In my previous post I wrote about a procedure for testing the primality of any number less than :
Test for divisibility by all primes up to , and also . (In practice I test for 2 and 5 first, which is pretty much automatic; then for 3 and 11, which both involve adding and subtracting digits; then 7 and 19, which both involve multiplying the final digit by two and either subtracting (7) or adding (19); and last I test for 13.)
Check if the number is one of a memorized list of 18 composites less than which are not divisible by either or any prime . (In practice, of course, I do this check first, before doing any divisibility tests.)
How fast is it?
Using this method, presented with a random number from 1-1000 not divisible by 2 or 5 (I exclude those because I can pretty much tell they are not prime instantaneously, and I think it makes for a more interesting measurement to exclude them), right now it takes me on average 15 seconds to determine whether such a number is prime or not. Of course the variance is huge: numbers that are divisible by 3 I can identify in a second; for numbers that are actually prime, it can take me something like 40 seconds to run through all the divisibility tests in my head. I expect with practice I’ll get faster.
I’m still interested in exploring other methods as well, but figured this is something relatively simple that can provide a good baseline for comparison!
Memorizing exceptional composites
For the rest of the post I want to talk about how I memorized the list of exceptional composites. Here’s the list again, this time with prime factorizations given:
That looks like a lot of stuff to memorize. And it would be, if you tried to memorize it as a bunch of individual, disconnected facts. But fortunately we can do better! Human brains are good at remembering sequences and stories. So we’re going to look at the numbers in order and tell ourselves stories about them. The better we get to know them and their relationships the easier they are to remember!
289, 391, 493
There is only one exceptional composite in each of the 200’s, 300’s, and 400’s, namely, 289, 391, and 493. What strikes one immediately about these numbers is that each is exactly 102 more than the previous. Is this a coincidence?
Of course not! It is actually due to the fact that . Each of these numbers is a product of with some other prime, and the second prime increases by every time. That is, , then , and . Of course adding 6 to a prime doesn’t always get us another prime—but it works surprisingly often for smaller primes. And every prime besides 2 and 3 is either one more than a multiple of 6, or one less. So if we start with 5 and 7 and keep adding 6, we will definitely hit all the primes.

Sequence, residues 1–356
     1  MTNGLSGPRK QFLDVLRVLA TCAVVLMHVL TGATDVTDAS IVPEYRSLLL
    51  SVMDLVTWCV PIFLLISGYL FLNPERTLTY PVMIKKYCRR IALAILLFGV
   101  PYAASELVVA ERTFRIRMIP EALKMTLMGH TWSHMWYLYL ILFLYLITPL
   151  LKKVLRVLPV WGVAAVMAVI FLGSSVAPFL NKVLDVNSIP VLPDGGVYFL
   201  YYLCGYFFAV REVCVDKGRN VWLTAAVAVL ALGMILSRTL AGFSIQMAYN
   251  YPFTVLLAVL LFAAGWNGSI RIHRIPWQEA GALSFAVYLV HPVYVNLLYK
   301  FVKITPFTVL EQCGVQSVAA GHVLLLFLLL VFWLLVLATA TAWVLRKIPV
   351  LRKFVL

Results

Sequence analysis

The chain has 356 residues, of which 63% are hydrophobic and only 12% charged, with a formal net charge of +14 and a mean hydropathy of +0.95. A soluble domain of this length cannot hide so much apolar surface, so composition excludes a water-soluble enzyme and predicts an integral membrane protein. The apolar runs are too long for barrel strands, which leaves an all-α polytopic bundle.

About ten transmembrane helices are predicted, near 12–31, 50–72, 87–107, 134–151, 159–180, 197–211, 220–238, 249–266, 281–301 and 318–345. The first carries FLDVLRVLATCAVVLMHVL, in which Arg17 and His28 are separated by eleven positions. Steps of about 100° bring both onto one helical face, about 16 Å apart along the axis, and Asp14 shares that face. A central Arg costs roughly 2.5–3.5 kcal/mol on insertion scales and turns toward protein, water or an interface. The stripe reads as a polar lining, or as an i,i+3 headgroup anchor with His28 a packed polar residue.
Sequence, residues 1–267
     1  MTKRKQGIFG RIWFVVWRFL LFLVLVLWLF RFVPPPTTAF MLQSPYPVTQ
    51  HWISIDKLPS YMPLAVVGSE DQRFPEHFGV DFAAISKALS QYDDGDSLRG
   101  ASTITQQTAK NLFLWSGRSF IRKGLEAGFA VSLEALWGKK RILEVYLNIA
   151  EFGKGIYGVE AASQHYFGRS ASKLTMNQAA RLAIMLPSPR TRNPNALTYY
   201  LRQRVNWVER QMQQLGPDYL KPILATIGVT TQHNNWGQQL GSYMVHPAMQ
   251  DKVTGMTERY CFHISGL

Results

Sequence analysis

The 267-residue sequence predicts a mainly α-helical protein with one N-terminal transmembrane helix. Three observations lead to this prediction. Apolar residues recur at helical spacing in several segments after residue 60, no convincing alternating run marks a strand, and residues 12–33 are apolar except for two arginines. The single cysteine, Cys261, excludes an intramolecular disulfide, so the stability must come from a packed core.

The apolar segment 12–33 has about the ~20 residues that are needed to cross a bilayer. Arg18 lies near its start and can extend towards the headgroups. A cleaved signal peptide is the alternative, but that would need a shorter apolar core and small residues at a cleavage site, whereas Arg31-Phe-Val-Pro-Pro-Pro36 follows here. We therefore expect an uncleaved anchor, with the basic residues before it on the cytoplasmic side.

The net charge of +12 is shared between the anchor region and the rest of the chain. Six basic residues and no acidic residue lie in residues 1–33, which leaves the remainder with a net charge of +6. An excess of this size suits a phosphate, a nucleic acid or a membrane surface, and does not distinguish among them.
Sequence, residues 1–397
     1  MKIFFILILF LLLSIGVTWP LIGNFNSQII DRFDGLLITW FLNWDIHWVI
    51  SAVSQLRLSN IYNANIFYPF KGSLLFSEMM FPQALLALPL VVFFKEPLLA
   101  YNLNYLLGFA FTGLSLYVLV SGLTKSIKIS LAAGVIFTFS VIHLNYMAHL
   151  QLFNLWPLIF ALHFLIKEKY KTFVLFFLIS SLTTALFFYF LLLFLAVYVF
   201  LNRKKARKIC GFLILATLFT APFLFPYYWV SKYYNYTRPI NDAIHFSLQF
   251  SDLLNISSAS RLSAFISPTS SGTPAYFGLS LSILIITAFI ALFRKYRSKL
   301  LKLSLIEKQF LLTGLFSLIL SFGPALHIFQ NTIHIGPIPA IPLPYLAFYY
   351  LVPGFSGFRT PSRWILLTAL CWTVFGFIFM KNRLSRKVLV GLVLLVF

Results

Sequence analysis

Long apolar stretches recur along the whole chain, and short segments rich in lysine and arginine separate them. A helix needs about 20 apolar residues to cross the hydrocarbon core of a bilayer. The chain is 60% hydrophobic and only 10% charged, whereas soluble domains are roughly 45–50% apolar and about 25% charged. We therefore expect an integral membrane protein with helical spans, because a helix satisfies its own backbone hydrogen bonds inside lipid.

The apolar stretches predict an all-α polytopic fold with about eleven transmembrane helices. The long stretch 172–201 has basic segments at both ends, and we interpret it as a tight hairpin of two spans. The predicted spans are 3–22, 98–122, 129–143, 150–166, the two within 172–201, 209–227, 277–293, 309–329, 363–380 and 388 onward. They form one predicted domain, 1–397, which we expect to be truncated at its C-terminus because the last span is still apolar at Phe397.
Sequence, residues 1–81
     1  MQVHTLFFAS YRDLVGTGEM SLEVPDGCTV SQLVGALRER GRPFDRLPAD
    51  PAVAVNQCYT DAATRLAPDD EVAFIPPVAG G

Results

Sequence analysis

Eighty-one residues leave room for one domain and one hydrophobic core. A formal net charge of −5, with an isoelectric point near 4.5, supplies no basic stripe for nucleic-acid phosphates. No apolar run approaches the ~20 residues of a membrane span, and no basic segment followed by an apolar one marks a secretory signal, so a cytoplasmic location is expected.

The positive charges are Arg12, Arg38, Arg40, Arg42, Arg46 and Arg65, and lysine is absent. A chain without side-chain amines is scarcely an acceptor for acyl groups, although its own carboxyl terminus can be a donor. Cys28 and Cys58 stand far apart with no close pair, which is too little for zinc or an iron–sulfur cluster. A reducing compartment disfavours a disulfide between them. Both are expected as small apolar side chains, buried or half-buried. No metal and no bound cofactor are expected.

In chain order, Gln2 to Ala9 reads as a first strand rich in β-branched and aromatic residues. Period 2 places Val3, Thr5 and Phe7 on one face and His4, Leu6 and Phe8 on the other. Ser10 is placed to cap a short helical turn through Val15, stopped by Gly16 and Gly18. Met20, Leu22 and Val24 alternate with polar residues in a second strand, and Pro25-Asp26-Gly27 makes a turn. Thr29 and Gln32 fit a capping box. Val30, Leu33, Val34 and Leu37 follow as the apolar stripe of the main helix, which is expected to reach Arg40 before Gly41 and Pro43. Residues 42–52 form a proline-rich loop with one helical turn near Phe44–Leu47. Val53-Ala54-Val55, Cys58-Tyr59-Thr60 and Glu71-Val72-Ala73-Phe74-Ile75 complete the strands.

This sequence of multiples of 17 starts from , and if we continue it further we see that it contains several more numbers from our exceptional set as well:
What about if we start with and keep adding ?
This sequence yields three of our exceptional composites, and quite a few others which in theory we can rule out with our divisibility tests but are probably worth knowing anyway (, , , ).
527, 529, 629, 667, 697
There are only two exceptional composites in the 500’s, and they are twins: 527 and 529. 527 we have already seen: it shows up in the sequence of multiples of 17 that begins with . On the other hand 529 is .
The next exceptional composite is 629, the next multiple of 17 in the sequence after 527. Of course it is also exactly 100 bigger than 529. I personally find the sequence 527, 529, 629 to be quite memorable.
Next is , which is the closest integer to two-thirds of 1000. If you know that , then 667 is also easy to remember for two reasons: it has the same digits as 676 but with the 7 and 6 reversed, and it is exactly 9 less than 676, and hence it is .
The last exceptional composite in the 600’s is 697, which is from the sequence of multiples of that started with 289, 391, 493 (595 is skipped because it is obviously a multiple of 5).
713, 731, 799, 841, 851, 899
Next come a pair of twins, a 99, then another pair of twins, then another 99! 713 and 731 are twins because they have the same digits, with the 1 and 3 reversed. 731 we have already seen: it is from the same 17-sequence as 527 and 629. 713 is . 799 is again from the 17-sequence beginning with 289.
841 and 851 are twins because they have the same digits except the 4 and the 5, which are consecutive. 841 is , and 851 is . Finally we have 899 which is .
901, 943, 961, 989
I haven’t thought of a nice story to tell about these—I think of the last three as sort of “sporadic”, but there’s only three of them so it’s not that hard. Someone else could probably come up with a nice mnemonic.
901 in any case is not too hard to remember because it’s a twin with 899, and it’s also the end of the 17-sequence that started with 289.
943 is . It’s , but unlike some of the other differences of squares I’ve highlighted, I doubt this will actually help me remember it.
961 is . I think it’s cute that , , and are all perfect squares.
Last but not least, . If you happen to know that (I sure don’t!), then this is easy to remember as .
Repetition helps too, so let’s recite: it starts with , then continues by 102s: 391, 493. After that the twins 527, 529, followed by 629; then 667 and 697. Then two sets of twins each with its 99: 713, 731, 799; 841, 851, 899; then 901 to come after 899, and then the three sporadic values: 943, 961, 989!